Ultimate Guide to Maintaining a Healthy Pregnancy


Pregnancy is a very exciting time for new parents-to-be, but it can also be quite physically, mentally and emotionally stressful. One of the best ways to counteract stress is by living a healthy lifestyle, and it doesn't have to be complicated. Following these basic tips will help to ensure you and your baby make it through your pregnancy in the best possible condition.

Avoid harmful substances

It's no secret that consumption of alcohol, drugs, cigarette smoke, and even excessive caffeine during your pregnancy can cause your unborn baby serious harm. Cigarettes are particularly damaging, as the inhalation of harmful chemicals limits the amount of oxygen available to a baby in the womb for up to six hours. In the long-term, this can lead to damaged DNA strands, resulting in lasting physical abnormalities and, in extreme cases, death.

Drink up

Everybody needs plenty of water to stay healthy, and H20 becomes even more vital while you're growing a baby. In case you're not already in the habit of drinking eight glasses per day, it's a great time to start. By carrying a bottle of water with you whenever you go somewhere, you'll likely find that extra water consumption happens naturally, and before you know it, you'll be fully-hydrated and ready for anything.

Up your intake of health-boosting substances

Vitamins and minerals are more important during pregnancy than at most other times in your life, because you'll want to ensure your unborn baby gets enough of all the right nutrients. There are a range of pregnancy multivitamins available in pharmacies, and your doctor will be able to test your blood for any nutrient deficiencies. As a general rule, all women who are pregnant or trying to conceive should make folic acid part of their daily routine, as it helps to prevent abnormalities with the brain or spinal cord.

Adjust your diet

Managing your food intake can be tricky during pregnancy as you navigate new cravings and aversions, especially when some foods can cause harm to your unborn baby. There are plenty of foods to be wary of, including meat, eggs, tuna, and sugar substitutes, while you'll need to increase your consumption of dairy. If you have any concerns about your diet during pregnancy, your doctor will be able to help you ensure the right consumption of nutrients.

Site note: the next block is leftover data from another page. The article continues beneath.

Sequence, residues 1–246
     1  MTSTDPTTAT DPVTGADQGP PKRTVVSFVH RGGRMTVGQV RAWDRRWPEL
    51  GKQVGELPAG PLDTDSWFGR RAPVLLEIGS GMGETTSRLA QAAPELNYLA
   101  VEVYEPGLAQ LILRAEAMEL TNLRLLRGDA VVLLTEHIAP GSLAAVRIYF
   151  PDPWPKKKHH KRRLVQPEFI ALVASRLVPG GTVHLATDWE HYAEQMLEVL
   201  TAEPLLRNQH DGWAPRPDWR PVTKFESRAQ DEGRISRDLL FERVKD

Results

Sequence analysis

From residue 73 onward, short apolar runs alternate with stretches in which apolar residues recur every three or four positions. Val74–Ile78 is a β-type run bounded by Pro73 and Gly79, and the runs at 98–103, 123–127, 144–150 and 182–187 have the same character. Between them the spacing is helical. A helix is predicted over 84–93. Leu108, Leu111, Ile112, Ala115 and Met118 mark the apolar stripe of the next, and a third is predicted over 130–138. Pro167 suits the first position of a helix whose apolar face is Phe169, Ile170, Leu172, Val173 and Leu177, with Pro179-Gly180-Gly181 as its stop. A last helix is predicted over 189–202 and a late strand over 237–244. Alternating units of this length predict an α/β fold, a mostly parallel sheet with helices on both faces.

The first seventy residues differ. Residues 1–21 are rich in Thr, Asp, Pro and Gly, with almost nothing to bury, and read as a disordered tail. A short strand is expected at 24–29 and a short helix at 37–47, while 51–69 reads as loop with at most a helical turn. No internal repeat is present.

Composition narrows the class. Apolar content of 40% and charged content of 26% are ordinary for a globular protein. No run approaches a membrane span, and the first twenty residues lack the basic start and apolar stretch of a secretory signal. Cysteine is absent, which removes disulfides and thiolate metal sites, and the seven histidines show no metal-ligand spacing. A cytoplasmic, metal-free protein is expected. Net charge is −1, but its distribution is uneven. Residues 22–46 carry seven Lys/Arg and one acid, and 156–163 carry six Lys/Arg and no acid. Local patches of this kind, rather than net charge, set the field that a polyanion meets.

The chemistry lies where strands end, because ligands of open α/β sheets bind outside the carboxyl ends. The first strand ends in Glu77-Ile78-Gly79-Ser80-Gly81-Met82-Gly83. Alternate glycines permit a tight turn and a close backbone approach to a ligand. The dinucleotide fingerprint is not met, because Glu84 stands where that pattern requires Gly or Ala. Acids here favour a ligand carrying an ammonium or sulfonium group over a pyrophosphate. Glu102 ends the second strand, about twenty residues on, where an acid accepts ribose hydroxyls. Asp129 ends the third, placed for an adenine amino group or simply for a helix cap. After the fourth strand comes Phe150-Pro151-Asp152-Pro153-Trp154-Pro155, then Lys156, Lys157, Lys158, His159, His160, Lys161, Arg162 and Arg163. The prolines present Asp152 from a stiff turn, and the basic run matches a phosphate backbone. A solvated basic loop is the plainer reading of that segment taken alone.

Stay active

Every pregnancy is different, and some mothers may find themselves with more energy and vitality than others. If you have good health on your side, it's a great idea to do some exercises throughout pregnancy, with your doctor's approval. Walking is a fantastic option for low-impact exercise, as is swimming or yoga. Some women even continue higher-impact exercises like weight-lifting into the later stages of pregnancy, but you should never do anything that might be considered risky or harmful without your doctor's approval.

Look after yourself

It's normal to feel emotional or stressed during pregnancy as a result of the extra hormones flooding your body, but that doesn't mean you should ignore symptoms of a more significant condition. Even women who have never experienced emotional instability can be affected by mood disorders like anxiety and depression, so if you experience telltale signs like a sudden change of mood or feeling of hopelessness, talk to your doctor.

Enlist back-up

During your pregnancy, it's important to remember that you're allowed to ask for help, and take the invaluable support of  those closest to you. A devoted partner is a blessing, but even if you don't have a co-parent to help you navigate the journey, keep your mind open to all of the other sources of support in your life. It's not unusual for expectant mothers to feel an especially strong bond with their own mother during pregnancy, and if you're lucky enough to have a close relationship with your parents, they will be a fount of experiential knowledge about pregnancy and childbirth. Your friends who have already had children can also be a great port of call. In case you're living alone or distant from your support network, you can always rely on professional support from your doctor or doula, if you have one.

Carrying a baby is hard work, and although there's no magic way to make the experience easier, you can take comfort from the fact that you are not alone. The best thing you can do for yourself is to maintain a positive disposition, and look forward to meeting the fruits of your labour.